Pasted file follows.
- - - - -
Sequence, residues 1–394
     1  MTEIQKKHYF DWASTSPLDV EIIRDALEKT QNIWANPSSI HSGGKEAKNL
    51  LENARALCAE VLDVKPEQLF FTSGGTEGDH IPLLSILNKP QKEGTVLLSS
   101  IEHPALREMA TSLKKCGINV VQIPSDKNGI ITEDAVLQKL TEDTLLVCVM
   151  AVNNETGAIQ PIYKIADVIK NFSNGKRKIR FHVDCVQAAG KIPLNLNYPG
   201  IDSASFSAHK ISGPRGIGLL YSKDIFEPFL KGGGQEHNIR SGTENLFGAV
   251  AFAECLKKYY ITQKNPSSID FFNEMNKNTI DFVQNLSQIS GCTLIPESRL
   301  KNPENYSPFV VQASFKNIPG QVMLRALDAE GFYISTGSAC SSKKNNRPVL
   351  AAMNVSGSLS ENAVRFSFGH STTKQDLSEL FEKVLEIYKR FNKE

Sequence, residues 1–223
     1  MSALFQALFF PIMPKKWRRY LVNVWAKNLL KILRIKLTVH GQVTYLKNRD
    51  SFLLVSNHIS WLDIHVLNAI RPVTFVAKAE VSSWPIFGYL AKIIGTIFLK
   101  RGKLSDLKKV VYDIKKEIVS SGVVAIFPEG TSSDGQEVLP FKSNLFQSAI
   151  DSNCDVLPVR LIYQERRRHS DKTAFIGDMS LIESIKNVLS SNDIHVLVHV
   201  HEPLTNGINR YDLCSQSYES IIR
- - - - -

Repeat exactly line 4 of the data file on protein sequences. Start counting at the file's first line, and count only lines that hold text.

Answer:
   101  IEHPALREMA TSLKKCGINV VQIPSDKNGI ITEDAVLQKL TEDTLLVCVM